We frequently see it stated that the individuals whose lives, bodies, and reproductive systems we use, are sentient. So what actually is sentience?
Human animals and the vast majority of other animal species that our species uses, harms and kills, usually without thought, conscience or most importantly, any necessity whatsoever, share the quality of sentience.
Although almost everyone who has shared time with a cat, a dog, a horse, a rabbit or any species of companion has instinctively recognised the fact that other animals clearly have feelings, thoughts, preferences and emotions, scientific acceptance of their sentience was formally acknowledged on 7 July 2012 and enshrined in the landmark Cambridge Declaration on Consciousness by a prominent international group of scientists.
A sentient being is a creature that can suffer and feel pain. Such an individual is defined as having the faculty of sensation and the power to to perceive, reason and think. Sentient individuals are self aware; which means that each is aware of themselves as a separate individual with thoughts, feelings and desires. They have minds. They feel.
Sentient individuals have an interest in avoiding pain and in remaining alive. They experience life and living through their senses, and through their connections to their environment and to others. They have needs and preferences, are capable of joy, of experiencing satisfaction, of devotion to their offspring, of forming deep bonds with other beings and indeed are capable of experiencing suffering and misery.
At a deep level we all know this. We witness it daily in our interactions with those whom we treat as companions. We welcome, respond and relate to their unique personality traits and the shared understanding we have with them.
Is this anthropomorphism?
Asked to acknowledge the clear evidence of the misery we inflict on our victims, those who resort mockingly to calls of ‘anthromopomorphism’ don’t do so about those situations that we can all relate to, such as comforting what we perceive clearly to be the fear, pain or anxiety of a dying companion in a vet’s surgery; or even while we are seeking to justify using a member of another species in some supportive (hearing, seeing etc) role for a human.
Those who seek to ridicule the notion that the reactions of others may relate broadly to the reactions of humans to the same situation, do so only as a defence against the idea that our shared sentience gives us the common ground to interpret that reaction – and stop causing it. Fear is fear and we recognise it in others. Pain is pain and we recognise it in others. Panic is panic and we recognise it in others. Once again science is breaking ground that leads inescapably to the conclusions that the true nature of the response of a member of a species other than our own, is just as likely to be underestimated as overestimated. As with any area where new understanding is emerging, it seems that in the absence of any necessity for our actions, erring on the safe side is the moral course.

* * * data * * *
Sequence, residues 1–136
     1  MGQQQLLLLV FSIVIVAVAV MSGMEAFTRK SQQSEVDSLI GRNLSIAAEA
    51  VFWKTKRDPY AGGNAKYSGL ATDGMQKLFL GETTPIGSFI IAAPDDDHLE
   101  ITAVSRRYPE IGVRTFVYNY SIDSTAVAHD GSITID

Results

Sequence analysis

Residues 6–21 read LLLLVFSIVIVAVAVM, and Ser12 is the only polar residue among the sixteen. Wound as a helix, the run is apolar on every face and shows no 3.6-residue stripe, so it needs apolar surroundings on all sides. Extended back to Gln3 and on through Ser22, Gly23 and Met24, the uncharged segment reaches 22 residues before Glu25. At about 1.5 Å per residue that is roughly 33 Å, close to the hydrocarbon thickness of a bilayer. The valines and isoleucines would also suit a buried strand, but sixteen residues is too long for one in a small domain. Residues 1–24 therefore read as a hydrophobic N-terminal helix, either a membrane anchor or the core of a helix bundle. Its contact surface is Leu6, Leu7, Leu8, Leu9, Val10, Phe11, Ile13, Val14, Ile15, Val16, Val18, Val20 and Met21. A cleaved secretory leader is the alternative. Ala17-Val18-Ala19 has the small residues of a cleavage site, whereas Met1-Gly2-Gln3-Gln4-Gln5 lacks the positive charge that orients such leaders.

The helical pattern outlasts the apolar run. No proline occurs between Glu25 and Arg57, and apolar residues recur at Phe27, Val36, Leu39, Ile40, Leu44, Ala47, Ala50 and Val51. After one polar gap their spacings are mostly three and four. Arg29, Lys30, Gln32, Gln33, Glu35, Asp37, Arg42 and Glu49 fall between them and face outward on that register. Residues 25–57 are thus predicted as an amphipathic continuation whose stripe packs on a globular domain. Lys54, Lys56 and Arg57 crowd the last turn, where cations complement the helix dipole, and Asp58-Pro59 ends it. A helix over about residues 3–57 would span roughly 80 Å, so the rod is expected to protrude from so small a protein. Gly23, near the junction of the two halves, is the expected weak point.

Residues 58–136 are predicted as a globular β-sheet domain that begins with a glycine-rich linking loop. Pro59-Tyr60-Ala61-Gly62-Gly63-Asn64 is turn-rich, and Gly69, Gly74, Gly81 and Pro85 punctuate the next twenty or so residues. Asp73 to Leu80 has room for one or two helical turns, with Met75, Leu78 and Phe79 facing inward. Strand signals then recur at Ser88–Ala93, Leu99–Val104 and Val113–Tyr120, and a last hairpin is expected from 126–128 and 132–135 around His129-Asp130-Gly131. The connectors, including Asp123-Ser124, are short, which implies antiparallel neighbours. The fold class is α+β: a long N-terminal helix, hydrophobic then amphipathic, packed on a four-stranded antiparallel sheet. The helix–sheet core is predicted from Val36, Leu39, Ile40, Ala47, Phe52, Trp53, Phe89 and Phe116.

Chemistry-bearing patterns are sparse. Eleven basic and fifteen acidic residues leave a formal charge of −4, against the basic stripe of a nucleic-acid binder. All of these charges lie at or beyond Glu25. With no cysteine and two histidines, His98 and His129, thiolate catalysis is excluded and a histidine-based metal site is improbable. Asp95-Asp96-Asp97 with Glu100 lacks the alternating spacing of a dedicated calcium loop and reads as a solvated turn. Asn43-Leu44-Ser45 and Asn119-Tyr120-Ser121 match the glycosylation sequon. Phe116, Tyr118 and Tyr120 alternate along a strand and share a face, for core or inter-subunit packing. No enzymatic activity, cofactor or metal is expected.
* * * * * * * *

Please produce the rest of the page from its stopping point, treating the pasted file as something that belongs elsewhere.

Making the connections
Scientific knowledge about our fellow earthlings advances from day to day, with new findings gaining publicity, frequently in sensationalised astonishment, as we discover that yet another species is capable of so much more than we ever could have imagined. The abilities, the senses, the psychological and perceptual depths of those whom we have been encouraged to think of as nothing more than things, as one small step removed from inanimate objects like rocks, so frequently far exceed our own.
We have been indoctrinated from infancy into the myth of our species as the most important on the planet, and so it is frequently the case that we gather these discoveries and findings as fascinating snippets, ‘good to know for the pub quiz’, while frequently failing utterly to make the connections that we could and indeed should be making if we were half as smart and important as we like to think we are.
What connections? Namely that, as these sentient beings who do not share our species are so very much like ourselves, why on earth do we continue to ‘farm‘ them, to harm them, to persecute and torment them, to exploit every aspect of the pitiful existences that we force them to endure to serve our trivial and completely unnecessary interests?
We see this absolute absence of connection being enacted in the form of a current public outcry about the intention to drop the recognition of sentience from UK legislation. If those who are so outraged actually recognise the sentience of their victims, what on earth is their justification for the senseless harm that is behind every single nonvegan choice that they make, of clothing, of food, of toiletries, of entertainment? The connections simply aren’t being made.
My thoughts have led me to conclude that there are many reasons for this, but not the least of these is the global, multi-billion, media-fuelled culture of animal victimisation and use into which we are all born and skillfully brainwashed.
Using nothing more than common sense, my mantra has become ‘follow the money’, and it has never failed me. Who stands to lose most if we attain real understanding about the implications of the sentience of our unnecessary victims? Who has the greatest investment in ensuring that the word ‘sentience’, like the words ‘welfare‘ and ‘humane‘, remains simply a word that we nod to in passing without real understanding? Who indeed.
If we hope for a peaceful world, we must do more than just say empty words. We must work for that peaceful world by living consistently true to the values that we all say that we hold. We will achieve that by rejecting our part as consumers whose demands necessitate a bloodbath and becoming vegan. Our only regret will be that it took us so long.